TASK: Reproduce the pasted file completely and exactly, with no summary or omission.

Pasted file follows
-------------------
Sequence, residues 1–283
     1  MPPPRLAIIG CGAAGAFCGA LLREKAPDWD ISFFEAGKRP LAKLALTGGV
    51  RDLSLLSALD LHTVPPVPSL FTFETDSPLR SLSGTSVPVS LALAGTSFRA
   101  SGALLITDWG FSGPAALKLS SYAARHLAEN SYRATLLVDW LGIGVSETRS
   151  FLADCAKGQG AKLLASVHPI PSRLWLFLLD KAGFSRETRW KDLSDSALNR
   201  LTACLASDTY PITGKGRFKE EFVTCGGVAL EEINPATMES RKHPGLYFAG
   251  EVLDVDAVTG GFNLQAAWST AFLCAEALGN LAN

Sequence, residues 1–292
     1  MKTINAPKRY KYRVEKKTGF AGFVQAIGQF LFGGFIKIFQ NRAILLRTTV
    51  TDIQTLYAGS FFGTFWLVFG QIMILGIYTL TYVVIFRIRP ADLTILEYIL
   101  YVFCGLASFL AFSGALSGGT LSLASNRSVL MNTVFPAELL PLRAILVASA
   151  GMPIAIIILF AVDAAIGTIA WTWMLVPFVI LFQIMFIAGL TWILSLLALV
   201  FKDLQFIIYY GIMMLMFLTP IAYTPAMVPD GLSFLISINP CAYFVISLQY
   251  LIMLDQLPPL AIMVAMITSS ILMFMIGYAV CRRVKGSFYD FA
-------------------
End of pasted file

Sequence, residues 1–283
     1  MPPPRLAIIG CGAAGAFCGA LLREKAPDWD ISFFEAGKRP LAKLALTGGV
    51  RDLSLLSALD LHTVPPVPSL FTFETDSPLR SLSGTSVPVS LALAGTSFRA
   101  SGALLITDWG FSGPAALKLS SYAARHLAEN SYRATLLVDW LGIGVSETRS
   151  FLADCAKGQG AKLLASVHPI PSRLWLFLLD KAGFSRETRW KDLSDSALNR
   201  LTACLASDTY PITGKGRFKE EFVTCGGVAL EEINPATMES RKHPGLYFAG
   251  EVLDVDAVTG GFNLQAAWST AFLCAEALGN LAN

Sequence, residues 1–292
     1  MKTINAPKRY KYRVEKKTGF AGFVQAIGQF LFGGFIKIFQ NRAILLRTTV
    51  TDIQTLYAGS FFGTFWLVFG QIMILGIYTL TYVVIFRIRP ADLTILEYIL
   101  YVFCGLASFL AFSGALSGGT LSLASNRSVL MNTVFPAELL PLRAILVASA
   151  GMPIAIIILF AVDAAIGTIA WTWMLVPFVI LFQIMFIAGL TWILSLLALV
   201  FKDLQFIIYY GIMMLMFLTP IAYTPAMVPD GLSFLISINP CAYFVISLQY
   251  LIMLDQLPPL AIMVAMITSS ILMFMIGYAV CRRVKGSFYD FA